In a scripted sitcom, the audience never sees a mic. Why? The production must sustain the illusion that the audience is watching the characters live out their lives. A visible mic would destroy that illusion in the same way that an accidental wide shot would show that the characters are actually on a set and not in their kitchen. The challenge lies in hiding the mic from the camera’s prying eyes.
In this article, we’ll explore how to capture audio with a mic cleverly placed on the human body, just outside the camera’s view. You’ll learn how to use a special mic that is great for hiding, because it is super small.
A tiny lavalier mic is unobtrusive and typically attaches to the clothing of the talent. Sometimes spelled “lavaliere,” it is a French word for an ornamental pendant worn on a chain around the neck. Years ago, bulky lavalier mics hung around the neck on a necklace. Nowadays, these mics are extremely small and often called a “lav” or “lapel” mic.
Essentially all modern lavalier mics use a condenser transducer to convert acoustic energy into electrical energy. This is the type of mic that permits your cellphone’s speakerphone to work its magic. Most lavaliers have an omni-directional polar pattern that picks up sound coming from virtually all directions.
These minuscule mics work best when attached to clothing at a person’s sternum. This placement allows the mic to pick up some of the resonant sounds from the chest. If placed elsewhere on the body, some EQ adjustments may be required in post-production to fill out the tonal quality of the audio.
Concealing in a Shirt or Blouse
The most common garment worn on the upper body is undoubtedly a shirt or blouse. This wardrobe choice offers several opportunities for hiding mics. Let’s look at some of them:
1. On a dark-colored, buttoned, dress shirt you might be able to pop the tip of a black lavalier mic out of a button hole. On the inside of the shirt, use gaffer’s tape to secure the mic and cable. With appropriate lighting and favorable camera angles, the audience will likely never notice the mic.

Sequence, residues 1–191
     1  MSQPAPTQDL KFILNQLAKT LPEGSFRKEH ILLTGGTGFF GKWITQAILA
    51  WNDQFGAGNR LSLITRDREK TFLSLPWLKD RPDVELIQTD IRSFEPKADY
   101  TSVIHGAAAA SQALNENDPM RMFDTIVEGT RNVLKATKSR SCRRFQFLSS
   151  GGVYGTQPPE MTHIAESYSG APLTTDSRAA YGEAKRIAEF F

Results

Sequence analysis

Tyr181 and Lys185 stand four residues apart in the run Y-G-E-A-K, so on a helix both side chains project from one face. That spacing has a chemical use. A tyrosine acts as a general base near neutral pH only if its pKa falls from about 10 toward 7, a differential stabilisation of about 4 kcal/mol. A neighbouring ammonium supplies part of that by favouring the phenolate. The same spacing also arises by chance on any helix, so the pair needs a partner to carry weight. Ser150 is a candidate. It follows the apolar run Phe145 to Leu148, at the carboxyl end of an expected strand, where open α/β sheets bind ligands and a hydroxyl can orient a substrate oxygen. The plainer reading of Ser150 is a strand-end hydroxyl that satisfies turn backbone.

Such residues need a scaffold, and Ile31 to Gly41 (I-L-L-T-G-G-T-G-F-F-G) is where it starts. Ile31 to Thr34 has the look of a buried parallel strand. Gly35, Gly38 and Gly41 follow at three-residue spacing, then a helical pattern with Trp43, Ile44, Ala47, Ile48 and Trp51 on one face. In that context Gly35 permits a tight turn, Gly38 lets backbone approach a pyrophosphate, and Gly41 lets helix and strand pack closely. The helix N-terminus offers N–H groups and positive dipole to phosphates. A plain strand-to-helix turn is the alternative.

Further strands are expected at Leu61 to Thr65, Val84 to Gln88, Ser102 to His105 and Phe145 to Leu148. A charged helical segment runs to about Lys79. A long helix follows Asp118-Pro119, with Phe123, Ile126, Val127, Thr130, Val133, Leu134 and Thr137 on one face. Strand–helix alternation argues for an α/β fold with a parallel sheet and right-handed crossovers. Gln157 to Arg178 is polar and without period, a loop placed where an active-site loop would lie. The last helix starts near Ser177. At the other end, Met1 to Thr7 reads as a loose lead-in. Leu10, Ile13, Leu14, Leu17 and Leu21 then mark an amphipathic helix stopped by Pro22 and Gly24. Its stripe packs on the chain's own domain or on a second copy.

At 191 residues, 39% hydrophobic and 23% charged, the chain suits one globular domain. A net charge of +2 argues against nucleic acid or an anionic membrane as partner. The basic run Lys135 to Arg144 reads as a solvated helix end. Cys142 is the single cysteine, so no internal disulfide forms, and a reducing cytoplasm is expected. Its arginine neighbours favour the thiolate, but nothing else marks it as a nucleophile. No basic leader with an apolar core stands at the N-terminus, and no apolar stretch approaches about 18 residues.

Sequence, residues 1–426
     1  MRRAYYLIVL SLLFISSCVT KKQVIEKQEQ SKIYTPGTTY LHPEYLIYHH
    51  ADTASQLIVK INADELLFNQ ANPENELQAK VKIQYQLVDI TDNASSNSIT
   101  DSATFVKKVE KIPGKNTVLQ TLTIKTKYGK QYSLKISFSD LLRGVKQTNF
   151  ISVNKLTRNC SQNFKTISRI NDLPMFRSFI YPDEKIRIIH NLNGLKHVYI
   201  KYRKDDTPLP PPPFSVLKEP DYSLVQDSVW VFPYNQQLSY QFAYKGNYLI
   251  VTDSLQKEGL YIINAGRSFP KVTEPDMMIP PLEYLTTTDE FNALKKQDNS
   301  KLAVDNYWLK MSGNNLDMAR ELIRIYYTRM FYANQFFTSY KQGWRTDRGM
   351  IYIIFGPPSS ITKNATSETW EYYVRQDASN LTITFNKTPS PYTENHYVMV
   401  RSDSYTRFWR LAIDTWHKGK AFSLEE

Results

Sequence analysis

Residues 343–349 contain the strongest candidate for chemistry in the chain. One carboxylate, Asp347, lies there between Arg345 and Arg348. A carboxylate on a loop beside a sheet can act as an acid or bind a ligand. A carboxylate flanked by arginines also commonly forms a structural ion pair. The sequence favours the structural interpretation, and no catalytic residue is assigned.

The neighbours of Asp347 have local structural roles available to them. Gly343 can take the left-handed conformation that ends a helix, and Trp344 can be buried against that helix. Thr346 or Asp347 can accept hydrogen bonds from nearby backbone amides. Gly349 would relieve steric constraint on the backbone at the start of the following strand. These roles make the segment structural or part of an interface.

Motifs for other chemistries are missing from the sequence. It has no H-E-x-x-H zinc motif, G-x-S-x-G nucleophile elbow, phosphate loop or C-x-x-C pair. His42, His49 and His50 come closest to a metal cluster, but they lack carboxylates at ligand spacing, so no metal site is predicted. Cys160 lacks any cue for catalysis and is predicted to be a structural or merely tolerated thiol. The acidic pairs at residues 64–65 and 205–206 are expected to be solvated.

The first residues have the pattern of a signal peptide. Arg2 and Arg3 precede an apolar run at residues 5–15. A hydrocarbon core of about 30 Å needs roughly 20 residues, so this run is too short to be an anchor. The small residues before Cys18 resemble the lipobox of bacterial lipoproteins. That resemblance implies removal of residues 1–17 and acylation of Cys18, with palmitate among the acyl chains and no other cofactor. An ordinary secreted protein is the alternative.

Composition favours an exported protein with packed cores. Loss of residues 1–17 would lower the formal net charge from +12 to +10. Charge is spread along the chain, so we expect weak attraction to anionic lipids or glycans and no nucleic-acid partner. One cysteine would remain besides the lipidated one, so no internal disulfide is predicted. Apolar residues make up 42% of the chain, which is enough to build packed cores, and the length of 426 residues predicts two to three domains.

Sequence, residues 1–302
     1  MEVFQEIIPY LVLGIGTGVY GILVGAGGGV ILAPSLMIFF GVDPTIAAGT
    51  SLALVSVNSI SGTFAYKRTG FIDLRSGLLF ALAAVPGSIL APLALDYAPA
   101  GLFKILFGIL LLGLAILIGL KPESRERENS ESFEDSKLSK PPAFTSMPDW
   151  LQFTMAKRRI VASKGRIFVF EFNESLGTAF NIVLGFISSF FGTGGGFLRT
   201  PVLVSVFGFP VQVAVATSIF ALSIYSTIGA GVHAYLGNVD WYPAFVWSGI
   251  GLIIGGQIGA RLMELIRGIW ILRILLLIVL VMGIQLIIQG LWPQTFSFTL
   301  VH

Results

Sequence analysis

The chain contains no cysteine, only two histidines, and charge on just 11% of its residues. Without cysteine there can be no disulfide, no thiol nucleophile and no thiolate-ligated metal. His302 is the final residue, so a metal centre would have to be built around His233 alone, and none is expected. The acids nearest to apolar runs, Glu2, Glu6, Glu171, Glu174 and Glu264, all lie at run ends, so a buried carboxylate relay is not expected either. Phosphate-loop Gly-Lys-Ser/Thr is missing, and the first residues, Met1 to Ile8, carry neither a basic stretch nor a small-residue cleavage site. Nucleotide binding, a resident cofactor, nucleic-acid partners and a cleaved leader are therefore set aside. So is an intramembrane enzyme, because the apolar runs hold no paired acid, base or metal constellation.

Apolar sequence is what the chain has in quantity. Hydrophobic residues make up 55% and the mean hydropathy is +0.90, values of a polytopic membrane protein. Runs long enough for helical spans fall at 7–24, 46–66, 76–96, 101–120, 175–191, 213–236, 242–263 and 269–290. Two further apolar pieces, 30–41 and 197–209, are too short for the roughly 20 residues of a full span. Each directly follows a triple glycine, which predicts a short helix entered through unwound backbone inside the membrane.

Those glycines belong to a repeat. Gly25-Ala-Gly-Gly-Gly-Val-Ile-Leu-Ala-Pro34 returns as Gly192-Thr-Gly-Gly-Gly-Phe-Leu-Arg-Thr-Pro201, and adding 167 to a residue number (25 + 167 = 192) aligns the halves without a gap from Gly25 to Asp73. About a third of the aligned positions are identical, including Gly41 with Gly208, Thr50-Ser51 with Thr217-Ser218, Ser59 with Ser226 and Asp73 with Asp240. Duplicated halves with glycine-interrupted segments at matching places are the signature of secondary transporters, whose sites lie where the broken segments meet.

2. On that same dress shirt, you might be able to hide the mic in the cloth flap between two buttons. Put a loop of self-adhesive moleskin around the body of the mic to minimize contact noise with the shirt’s material. Most pharmacy stores sell moleskin.
3. A necktie offers additional hiding places. Most lavalier mics include a clip for attaching to a tie. Hide the mic by simply clipping it to the back of the tie. Use moleskin to protect the mic from contact noise. The audience will see the backside of the mic clip and assume it is a standard tie clip.
4. Another necktie hiding place is at the knot. Loosen the knot and feed the mic through so that it barely hangs out the bottom. Using a omni-directional mic is critical here, because it will be pointed away from the talent’s mouth.
5. What about a traditional 2 or 3 button polo shirt? In this scenario you can place the lavalier in the ‘V’ below the buttons. Use gaffer’s tape to secure the mic and cable inside the shirt.
Try to determine if the talent will be turning their head to one side or the other, then place the mic on the side the talent will turn towards most often.
6. Another option is to hide the lavalier under the collar of a shirt. Use gaffer’s tape to run the wire around the back. Try to determine if the talent will be turning their head to one side or the other, then place the mic on the side the talent will turn towards most often.
7. A t-shirt affords a challenge, but one that can be overcome. In this situation, attaching the mic directly to the chest of the talent is a good option. Use first aid tape to attach the mic to the sternum. Just like in the dress shirt example, use moleskin to create a small buffer between the mic and the shirt.
Other places to hide a lavalier include under the brim of a baseball cap, or along the brim of a fedora-style hat. You can even hollow out a plastic writing pen, feed a tiny mic through to the top, and run the cable through a small hole on the inside of a dress shirt pocket.
The best advice is to hide a lavalier only if there are no other possibilities — like the use of a shotgun mic. Also, be aware of personal privacy issues when placing microphones on talent. Finally, be sure to use headphones to monitor the audio and listen specifically for noise generated by clothing coming into contact with the mic.
David G. Welton teaches in the Radio/TV/Film Department at Butte College in Northern California.